A political-action committee (PAC) supporting Ed Murray for mayor has agreed it violated campaign-disclosure laws when it failed to report a $15,000 contribution from Vulcan, according to a proposed settlement agreement after a Seattle Ethics and Elections Commission (SEEC) investigation.
The commission will vote Wednesday on a recommendation to fine Civic Alliance for a Sound Economy (CASE), the political arm of the Seattle Metropolitan Chamber of Commerce, $1,500 with half of it suspended if there are no further violations through the 2015 election cycle.
Wayne Barnett, executive director of the commission, said Vulcan should have been listed among contributors to People for Ed Murray, an independent-expenditure committee, and also as one of the committee’s top five contributors. Vulcan, Paul Allen’s real-estate development company, had made a contribution to CASE, which then gave money to People for Ed Murray.
“When CASE made the contribution, they were obligated to disclose that Vulcan’s contribution had been earmarked for Ed Murray,” Barnett said.
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Seattle Mayor Mike McGinn’s re-election campaign filed an ethics complaint in September alleging that two business-funded PACs supporting Murray colluded to conceal information from Seattle voters, including other business donations to the Chamber PAC.
The Ethics Commission investigation found only that the Vulcan contribution should have been disclosed because it came with specific instructions for how it could be used. The Murray campaign was not implicated in the findings.
“There is no evidence that the People for Ed Murray or Ed Murray for Mayor had knowledge of the communications between Vulcan and CASE, or sought in any way to conceal the source of any contribution made to the People for Ed Murray or Ed Murray for Mayor,” the investigation report concludes.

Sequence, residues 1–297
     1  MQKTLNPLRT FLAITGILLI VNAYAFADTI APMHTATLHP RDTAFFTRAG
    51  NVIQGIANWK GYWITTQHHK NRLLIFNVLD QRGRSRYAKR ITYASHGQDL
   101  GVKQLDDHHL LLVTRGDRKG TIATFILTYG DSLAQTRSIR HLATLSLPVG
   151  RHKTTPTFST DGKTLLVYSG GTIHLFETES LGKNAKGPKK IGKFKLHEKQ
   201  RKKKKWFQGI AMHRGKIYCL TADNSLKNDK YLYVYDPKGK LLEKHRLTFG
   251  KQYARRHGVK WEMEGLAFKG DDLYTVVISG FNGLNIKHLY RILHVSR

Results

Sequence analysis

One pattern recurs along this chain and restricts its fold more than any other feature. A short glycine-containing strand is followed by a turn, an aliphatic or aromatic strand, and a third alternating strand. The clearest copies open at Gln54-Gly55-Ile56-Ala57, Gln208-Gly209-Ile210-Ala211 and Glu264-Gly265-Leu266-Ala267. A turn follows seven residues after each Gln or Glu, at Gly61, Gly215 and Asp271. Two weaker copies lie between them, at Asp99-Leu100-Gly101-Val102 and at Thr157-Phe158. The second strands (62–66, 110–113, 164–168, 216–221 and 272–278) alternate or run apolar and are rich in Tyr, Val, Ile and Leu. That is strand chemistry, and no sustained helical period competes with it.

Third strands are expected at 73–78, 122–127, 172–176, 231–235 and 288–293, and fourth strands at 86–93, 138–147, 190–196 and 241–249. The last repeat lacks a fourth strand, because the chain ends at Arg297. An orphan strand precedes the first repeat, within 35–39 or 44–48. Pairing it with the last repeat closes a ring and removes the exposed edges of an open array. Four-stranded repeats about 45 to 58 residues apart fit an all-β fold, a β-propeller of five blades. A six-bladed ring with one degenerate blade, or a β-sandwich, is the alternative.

Chamber spokeswoman Terri Hiroshima said the group would have no comment until after the commission’s special meeting Wednesday.
People for Ed Murray spokesman Dean Nielson thanked the commission for its investigation and said, “At no time was the committee aware of any activities of its donors that violated the law, and we are happy that the SEEC absolved People for Ed Murray of any wrongdoing.”
The investigation said that in July, Phil Fujii of Vulcan discussed a contribution to CASE with chamber Vice President and CASE Executive Director George Allen. Unlike other business donors to CASE, Vulcan specified that its money be spent on behalf of Murray in the primary. Because CASE did not disclose Vulcan’s money was intended for Murray, the commission found CASE had violated disclosure rules.
Fujii served briefly as McGinn’s deputy mayor in 2010 and helped with McGinn’s 2009 transition team. He worked for city government, including in the Department of Neighborhoods, for more than 20 years before joining Vulcan in 2002.
Fujii hosted a fundraiser for McGinn in May along with Jon Scholes, vice president of the Downtown Seattle Association.
Both Murray and McGinn have gotten support from independent-expenditure groups that can raise unlimited money and are not subject to the $700-per-donor limit that applies to candidate-campaign committees. Two activist unions, Unite Here Local 8 (hospitality workers) and United Food and Commercial Workers Union International Local 21 (grocery workers) have backed McGinn with more than $100,000, while People for Ed Murray has raised more than $150,000 for the primary.
Another independent-expenditure committee, People for a New Seattle Mayor, has raised more than $100,000 for Murray for the general-election campaign, with the biggest donation, $45,000, coming from the Seattle Firefighters Union and $15,000 from the Seattle Police Officers’ Guild.
Information from Seattle Times archives was included in this story. Lynn Thompson: email@example.com or 206-464-8305. On Twitter @lthompsontimes